OSHA’s New Reporting Requirements Improve Worksite Safety

With the close of 2015, the U.S. Department of Labor’s Occupational Safety and Health Administration (OSHA) has announced the results of the new reporting requirement which was implemented as of January 1, 2015. The new reporting guidelines require any severe work-related injury, including amputations, loss of an eye, or hospitalization, to be reported within 24 hours. The requirement of reporting a fatality within 8 hours remains unchanged.

Recently, WorkersCompensation.com reported on OSHA’s 2015 data on work-place-related injuries. Employers submitted a total of 10,388 cases of severe injuries in 2015. Out of the total, 7,636 were hospitalizations and 2,644 accounted for amputations.

Taking it further than just mere numbers, OSHA implemented the program in order to create safer workplaces. After a report comes in, OSHA works to identify what the hazard is, and what measures the employer can take to remedy it. Most of the cases reported in 2015 did not require a worksite inspection, which is conducted when OSHA deems it necessary.

If you are a worker who has suffered injury due to an employer’s failure to follow safety regulations, you may be entitled to Workers’ Compensation. The Law Offices of McIntyre, Donohue, Accardi, Salmonson, & Riordan, represents individuals who have been injured on the job throughout the five boroughs of New York City including Manhattan, the Bronx, Brooklyn, and Queens, as well as both Nassau and Suffolk Counties on Long Island. Call (866) 557-7500 for a consultation.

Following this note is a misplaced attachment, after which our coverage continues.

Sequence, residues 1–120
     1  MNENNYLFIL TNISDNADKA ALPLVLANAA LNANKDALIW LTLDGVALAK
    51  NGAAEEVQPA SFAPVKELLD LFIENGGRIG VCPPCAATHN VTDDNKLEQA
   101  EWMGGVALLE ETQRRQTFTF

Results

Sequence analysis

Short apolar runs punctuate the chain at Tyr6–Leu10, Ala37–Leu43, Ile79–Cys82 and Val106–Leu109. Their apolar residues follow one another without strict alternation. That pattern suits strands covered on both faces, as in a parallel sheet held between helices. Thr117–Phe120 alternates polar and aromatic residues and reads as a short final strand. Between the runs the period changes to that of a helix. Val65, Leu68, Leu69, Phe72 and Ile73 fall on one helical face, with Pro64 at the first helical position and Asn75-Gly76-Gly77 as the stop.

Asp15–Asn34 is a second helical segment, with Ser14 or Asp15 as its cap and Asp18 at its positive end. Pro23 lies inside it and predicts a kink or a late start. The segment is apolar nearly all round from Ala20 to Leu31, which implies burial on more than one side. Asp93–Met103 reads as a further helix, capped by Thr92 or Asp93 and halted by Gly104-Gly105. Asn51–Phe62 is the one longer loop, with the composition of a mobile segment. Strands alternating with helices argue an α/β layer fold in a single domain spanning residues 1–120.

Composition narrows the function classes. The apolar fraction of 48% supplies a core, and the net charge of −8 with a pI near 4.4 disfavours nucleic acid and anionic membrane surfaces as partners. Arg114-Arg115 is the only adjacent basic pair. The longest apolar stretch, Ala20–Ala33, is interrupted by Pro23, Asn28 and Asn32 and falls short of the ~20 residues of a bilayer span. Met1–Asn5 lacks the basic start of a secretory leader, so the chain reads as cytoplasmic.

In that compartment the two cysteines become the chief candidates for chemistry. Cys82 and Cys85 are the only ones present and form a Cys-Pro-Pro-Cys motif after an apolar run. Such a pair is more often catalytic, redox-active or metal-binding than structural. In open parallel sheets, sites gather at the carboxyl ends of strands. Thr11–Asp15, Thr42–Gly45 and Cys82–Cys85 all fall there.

Frequency of Workers Compensation Claims Decline While the Severity Increases

According to Insurance Business America, over the past ten years the number of workers’ compensation claims is decreasing, but the severity of the injuries reported is increasing. Milliman and Keenan Healthcare analyzed workers’ compensation data and compiled a report showing frequency, severity, and medical and indemnity costs. They considered how reforms may affect the numbers as well. One of the main findings was that losses per $100 of payroll was stable between 2004 and 2014, but during roughly the same time period, the severity of claims increased by approximately 5.5 percent annually. There are ongoing efforts to not only reduce the number of claims, but also the severity.